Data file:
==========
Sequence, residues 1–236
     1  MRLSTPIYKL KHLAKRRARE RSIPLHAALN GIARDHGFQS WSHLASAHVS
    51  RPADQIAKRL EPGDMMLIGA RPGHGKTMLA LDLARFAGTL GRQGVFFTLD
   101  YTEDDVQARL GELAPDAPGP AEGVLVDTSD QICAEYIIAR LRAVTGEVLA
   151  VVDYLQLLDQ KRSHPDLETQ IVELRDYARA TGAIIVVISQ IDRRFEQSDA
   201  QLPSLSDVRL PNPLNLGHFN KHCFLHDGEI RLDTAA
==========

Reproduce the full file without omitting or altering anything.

Sequence, residues 1–236
     1  MRLSTPIYKL KHLAKRRARE RSIPLHAALN GIARDHGFQS WSHLASAHVS
    51  RPADQIAKRL EPGDMMLIGA RPGHGKTMLA LDLARFAGTL GRQGVFFTLD
   101  YTEDDVQARL GELAPDAPGP AEGVLVDTSD QICAEYIIAR LRAVTGEVLA
   151  VVDYLQLLDQ KRSHPDLETQ IVELRDYARA TGAIIVVISQ IDRRFEQSDA
   201  QLPSLSDVRL PNPLNLGHFN KHCFLHDGEI RLDTAA